COP28 was the first climate conference to clearly articulate the need to move away from fossil fuels, and two European banks have clearly got the message: Crédit Agricole and ING have both announced steps to phase out fossil fuel investments from their portfolios faster than planned.
Dutch bank ING says it will phase out upstream oil and gas financing by 2040, citing the decision made at COP28 as the reason for this move.
“Climate change is one of the world’s biggest challenges. The world needs energy, but still too much of that is coming from fossil fuels. Building on the progress made by world leaders at the COP28 conference and the most recent scientific insights and scenarios, we’re today announcing our next impactful actions to contribute to the acceleration of the energy transition,” said Steven van Rijswijk, the bank’s CEO.
ING financed more than US$60 billion of fossil fuel projects in the last six years. Now, it will reduce loans to upstream oil and gas activities by 35% by 2030, resulting in a 50% decrease in absolute financed emissions from these activities (scope 1, 2, and 3). By 2040, these emissions will be down to zero, according to the bank.
Meanwhile, Crédit Agricole, which provided US$89 billion of financing to the fossil fuel industry between 2016 and 2022, will no longer finance new fossil fuel extraction projects from 2024, as part of a move to cut financed emissions linked to oil and gas by 75% by 2030 (from a 2020 baseline). This represents a more than doubling of the French bank’s ambition in this area: last year, it had committed to a 30% reduction.
It will also exclude clients exclusively dedicated to oil and gas exploration and production. Most oil majors also have significant clean energy activities, so they are unlikely to be concerned by the measure, but Crédit Agricole also says it will review funding for energy companies on a case-by-case basis “according to a regularly updated assessment, taking into account their commitments in the transition”.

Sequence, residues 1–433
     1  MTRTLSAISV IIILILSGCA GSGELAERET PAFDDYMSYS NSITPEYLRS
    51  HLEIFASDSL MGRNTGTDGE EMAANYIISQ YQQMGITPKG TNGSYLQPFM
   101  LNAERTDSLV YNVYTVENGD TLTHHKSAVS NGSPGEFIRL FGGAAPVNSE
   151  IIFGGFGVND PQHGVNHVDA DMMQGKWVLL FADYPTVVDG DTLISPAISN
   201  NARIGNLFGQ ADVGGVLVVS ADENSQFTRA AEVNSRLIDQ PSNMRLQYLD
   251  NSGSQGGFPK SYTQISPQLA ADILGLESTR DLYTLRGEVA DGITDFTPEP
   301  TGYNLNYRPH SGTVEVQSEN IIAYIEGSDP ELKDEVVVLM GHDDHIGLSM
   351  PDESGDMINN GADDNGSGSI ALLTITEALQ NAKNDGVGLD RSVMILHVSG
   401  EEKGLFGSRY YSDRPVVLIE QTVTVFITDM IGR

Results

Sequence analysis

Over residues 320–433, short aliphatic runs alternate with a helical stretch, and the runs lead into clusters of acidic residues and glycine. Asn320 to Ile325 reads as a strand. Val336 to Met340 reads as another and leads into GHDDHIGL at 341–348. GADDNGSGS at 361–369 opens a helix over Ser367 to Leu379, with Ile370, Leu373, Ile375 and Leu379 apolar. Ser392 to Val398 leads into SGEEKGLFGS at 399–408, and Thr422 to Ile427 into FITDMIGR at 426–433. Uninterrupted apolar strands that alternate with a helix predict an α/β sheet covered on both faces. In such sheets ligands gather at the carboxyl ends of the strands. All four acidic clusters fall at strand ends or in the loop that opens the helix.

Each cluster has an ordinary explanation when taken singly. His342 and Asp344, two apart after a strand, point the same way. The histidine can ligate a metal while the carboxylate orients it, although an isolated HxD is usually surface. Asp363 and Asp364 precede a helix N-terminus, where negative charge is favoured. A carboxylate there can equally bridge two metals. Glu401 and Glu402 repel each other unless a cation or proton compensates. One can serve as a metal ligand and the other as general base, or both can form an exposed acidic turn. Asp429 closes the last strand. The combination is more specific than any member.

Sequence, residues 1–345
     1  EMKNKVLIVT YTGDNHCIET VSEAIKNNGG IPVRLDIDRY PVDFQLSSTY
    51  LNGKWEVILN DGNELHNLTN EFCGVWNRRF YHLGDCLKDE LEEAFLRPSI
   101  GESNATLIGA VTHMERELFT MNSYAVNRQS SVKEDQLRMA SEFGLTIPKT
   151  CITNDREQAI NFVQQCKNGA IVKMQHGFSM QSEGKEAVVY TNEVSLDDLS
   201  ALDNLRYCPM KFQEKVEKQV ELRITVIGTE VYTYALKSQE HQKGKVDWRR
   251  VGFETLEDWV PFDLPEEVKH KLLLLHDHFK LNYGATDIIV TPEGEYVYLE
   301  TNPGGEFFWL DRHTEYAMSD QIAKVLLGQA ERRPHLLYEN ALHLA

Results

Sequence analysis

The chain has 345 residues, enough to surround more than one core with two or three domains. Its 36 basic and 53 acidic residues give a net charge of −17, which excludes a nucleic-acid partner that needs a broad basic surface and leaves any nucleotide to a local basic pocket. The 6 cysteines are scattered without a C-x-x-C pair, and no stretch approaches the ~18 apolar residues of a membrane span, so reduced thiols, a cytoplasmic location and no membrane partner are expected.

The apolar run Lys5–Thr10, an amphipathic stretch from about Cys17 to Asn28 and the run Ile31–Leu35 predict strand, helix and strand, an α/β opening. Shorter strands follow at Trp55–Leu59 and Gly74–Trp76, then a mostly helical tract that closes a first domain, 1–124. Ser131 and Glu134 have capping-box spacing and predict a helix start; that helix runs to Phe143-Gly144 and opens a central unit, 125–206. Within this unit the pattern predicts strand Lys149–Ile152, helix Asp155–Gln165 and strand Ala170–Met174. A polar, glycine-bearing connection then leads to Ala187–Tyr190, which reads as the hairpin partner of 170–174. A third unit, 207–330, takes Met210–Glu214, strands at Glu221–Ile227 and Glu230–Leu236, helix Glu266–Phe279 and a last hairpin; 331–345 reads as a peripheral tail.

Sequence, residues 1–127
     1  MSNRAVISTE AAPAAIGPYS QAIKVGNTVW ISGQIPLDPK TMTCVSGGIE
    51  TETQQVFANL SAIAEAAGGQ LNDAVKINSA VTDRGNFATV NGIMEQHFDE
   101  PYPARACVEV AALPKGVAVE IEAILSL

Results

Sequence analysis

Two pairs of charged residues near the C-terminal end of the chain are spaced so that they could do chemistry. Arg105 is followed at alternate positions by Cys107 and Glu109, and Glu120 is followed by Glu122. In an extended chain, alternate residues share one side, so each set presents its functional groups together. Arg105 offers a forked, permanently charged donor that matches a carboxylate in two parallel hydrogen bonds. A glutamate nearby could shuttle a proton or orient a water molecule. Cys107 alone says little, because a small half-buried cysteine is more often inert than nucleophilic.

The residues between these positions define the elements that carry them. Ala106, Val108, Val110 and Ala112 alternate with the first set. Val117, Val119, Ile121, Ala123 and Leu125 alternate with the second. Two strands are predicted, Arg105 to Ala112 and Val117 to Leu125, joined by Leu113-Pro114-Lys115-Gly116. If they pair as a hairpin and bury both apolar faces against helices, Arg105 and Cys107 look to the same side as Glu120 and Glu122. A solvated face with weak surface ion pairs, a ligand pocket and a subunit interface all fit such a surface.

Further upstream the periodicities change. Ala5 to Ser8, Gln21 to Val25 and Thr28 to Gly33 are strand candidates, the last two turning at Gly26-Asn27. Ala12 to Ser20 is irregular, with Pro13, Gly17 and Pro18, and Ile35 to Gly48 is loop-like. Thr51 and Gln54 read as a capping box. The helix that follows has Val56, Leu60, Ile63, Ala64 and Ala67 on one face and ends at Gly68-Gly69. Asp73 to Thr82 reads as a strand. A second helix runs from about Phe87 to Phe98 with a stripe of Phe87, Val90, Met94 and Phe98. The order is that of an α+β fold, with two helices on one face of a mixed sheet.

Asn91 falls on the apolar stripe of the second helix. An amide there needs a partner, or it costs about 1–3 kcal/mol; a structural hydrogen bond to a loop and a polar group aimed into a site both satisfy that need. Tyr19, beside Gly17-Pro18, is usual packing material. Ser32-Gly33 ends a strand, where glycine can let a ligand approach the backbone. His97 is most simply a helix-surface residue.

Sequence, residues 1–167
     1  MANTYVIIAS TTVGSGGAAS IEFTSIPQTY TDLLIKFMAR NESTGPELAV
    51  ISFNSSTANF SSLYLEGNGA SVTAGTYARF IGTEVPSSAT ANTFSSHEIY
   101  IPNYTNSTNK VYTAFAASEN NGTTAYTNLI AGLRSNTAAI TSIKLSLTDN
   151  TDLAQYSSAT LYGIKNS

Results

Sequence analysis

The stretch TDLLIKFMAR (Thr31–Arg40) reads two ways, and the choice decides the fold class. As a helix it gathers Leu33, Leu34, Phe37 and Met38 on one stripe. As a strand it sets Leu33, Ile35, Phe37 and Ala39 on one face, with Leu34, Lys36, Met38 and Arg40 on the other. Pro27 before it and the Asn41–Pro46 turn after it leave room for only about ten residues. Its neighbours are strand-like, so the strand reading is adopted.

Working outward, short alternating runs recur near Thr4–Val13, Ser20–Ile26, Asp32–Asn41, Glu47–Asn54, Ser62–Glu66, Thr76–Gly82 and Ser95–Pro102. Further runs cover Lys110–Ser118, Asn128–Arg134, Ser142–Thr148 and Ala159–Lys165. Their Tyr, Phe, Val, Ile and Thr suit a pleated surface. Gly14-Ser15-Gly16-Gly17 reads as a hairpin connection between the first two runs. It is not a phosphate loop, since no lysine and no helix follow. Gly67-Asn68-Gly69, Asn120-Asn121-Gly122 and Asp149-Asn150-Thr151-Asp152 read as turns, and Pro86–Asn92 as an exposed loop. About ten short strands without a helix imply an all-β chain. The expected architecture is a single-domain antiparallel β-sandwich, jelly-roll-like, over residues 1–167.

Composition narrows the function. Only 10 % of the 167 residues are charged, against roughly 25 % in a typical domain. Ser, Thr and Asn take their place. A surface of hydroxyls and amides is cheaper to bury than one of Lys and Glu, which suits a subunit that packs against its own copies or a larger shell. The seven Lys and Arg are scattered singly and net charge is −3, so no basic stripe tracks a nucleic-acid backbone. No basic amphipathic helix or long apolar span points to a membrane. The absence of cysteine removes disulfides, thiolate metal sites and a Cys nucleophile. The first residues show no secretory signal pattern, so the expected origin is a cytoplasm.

Tripling renewable energy finance
At the same time, these two banks have pledged to significantly increase renewable energy financing. ING aims to triple it to €7.5 billion annually by 2025, up from €2.5 billion in 2022. This is a massive step-up in ambition, since the bank’s previous goal was to increase renewables financing by 50% by 2025, from the €1.5 billion base in 2021.
Crédit Agricole is also looking to triple renewable energy financing, but by 2030, in line with the COP28 global stocktake agreement. It will also increase its corporate and investment arm’s exposure to “low-carbon energies” by 80% between 2020 and 2025, reaching €13.3bn in 2025.
If achieved, these goals could help tip the funding scale in favour of renewables, which have so far received far less bank financing than fossil fuels. In 2021, the total amount facilitated by banks globally for renewable energy projects reached US$34.6 billion – just 8% of overall energy financing. In comparison, banks provided US$669 billion of funding to fossil fuels in 2022.